When Laryngeal Paralysis occurs as with Golden, none of these things happen. Taking a deep breath for him becomes impossible, meowing is not an option. It is a very stressful condition, especially to an animal who doesn’t understand what is happening. Golden is literally suffocating. The nerves that control the muscles of his larynx are slowly stopping to function normally. Often, this is only caught when the condition gets severe, even by veterinarians. It is more often overlooked, symptoms being blamed on old age which delays treatment. Golden has a chance right now. He was luckily diagnosed early enough for surgery, which can provide instant relief. Please help Golden breathe again. We don’t know his age, but age shouldn’t be a disease and Laryngeal Paralysis does not have to be another death sentence for Golden. Let’s just make it a bump along the road to a long life for him. Please donate as little or as much as you can to Golden’s surgery. He’s beat death once before, let’s help him do it again.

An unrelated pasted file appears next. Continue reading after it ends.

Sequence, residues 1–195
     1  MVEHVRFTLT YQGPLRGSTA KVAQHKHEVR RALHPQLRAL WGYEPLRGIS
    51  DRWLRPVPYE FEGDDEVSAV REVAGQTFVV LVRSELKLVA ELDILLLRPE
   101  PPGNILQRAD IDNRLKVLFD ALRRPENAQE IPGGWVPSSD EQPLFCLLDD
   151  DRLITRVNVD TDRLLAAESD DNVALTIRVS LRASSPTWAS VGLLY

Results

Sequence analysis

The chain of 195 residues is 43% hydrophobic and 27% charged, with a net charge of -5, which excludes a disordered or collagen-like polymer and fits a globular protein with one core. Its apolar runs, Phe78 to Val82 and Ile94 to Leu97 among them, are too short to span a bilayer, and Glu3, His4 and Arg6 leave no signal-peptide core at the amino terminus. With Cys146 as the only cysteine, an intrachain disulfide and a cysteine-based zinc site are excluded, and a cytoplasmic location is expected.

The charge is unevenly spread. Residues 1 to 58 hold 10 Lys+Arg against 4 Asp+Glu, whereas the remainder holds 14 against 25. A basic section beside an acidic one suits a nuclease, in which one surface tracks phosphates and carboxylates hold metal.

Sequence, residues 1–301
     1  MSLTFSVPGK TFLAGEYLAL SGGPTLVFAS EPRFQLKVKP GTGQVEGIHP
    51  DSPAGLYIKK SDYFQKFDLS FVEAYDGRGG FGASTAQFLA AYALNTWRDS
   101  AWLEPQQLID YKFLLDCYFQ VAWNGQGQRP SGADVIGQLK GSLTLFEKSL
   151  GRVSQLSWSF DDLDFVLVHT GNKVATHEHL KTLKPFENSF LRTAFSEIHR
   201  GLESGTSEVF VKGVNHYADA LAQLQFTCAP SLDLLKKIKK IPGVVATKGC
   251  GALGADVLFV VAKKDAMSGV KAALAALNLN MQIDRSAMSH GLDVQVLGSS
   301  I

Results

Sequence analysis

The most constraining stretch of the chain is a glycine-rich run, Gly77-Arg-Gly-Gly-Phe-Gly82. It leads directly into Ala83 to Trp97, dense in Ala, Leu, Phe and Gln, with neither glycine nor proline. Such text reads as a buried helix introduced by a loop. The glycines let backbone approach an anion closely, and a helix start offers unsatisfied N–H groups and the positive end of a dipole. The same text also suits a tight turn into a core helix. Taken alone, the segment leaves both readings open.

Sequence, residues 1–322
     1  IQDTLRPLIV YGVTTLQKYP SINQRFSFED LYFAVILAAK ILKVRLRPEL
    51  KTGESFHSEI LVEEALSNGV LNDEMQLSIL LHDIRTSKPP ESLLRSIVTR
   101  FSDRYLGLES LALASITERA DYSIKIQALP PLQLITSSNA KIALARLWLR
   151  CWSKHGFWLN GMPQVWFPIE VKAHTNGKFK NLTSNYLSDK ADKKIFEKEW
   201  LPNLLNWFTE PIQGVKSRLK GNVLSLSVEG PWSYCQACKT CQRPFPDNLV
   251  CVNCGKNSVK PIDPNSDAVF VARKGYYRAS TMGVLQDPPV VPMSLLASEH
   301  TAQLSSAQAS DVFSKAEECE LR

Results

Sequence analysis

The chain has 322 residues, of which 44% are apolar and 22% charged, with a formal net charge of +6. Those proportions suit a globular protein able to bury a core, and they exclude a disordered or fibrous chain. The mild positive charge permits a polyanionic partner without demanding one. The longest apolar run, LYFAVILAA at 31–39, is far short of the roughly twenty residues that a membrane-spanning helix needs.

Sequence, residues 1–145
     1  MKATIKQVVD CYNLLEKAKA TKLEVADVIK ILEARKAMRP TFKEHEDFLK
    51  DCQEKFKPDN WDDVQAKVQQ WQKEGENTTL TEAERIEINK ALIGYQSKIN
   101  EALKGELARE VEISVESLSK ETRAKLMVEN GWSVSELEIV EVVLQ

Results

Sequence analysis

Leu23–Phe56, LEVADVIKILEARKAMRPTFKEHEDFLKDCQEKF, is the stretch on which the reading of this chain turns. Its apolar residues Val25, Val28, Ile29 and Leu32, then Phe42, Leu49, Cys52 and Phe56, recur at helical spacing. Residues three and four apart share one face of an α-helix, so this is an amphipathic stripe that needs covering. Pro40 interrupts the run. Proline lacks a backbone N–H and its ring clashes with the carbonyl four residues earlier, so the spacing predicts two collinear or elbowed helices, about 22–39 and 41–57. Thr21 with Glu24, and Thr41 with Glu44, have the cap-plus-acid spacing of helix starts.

For more information on how you can donate to help Golden get his needed surgery, please visit our website's Donation Info page at:
VOLUNTEERS and DONATIONS NEEDED. Visit our website for more info http://nelsonspca.org
Your message has been sent to Humane Society/SPCA of Nelson County.
You'll receive a copy, too, at to help you keep track of which pets you've inquired about, and which shelters and rescues you've emailed.
NOTE: Some shelters have physical locations you can visit; some of these shelters may only have pets for a limited time, so please do not wait for a reply—just go visit the shelter! Other organizations are rescue groups run by busy volunteers who may take a while to reply. You can find information about the shelter or rescue group caring for this pet, and their adoption procedures, on the pet's details page on Adopt-a-Pet.com.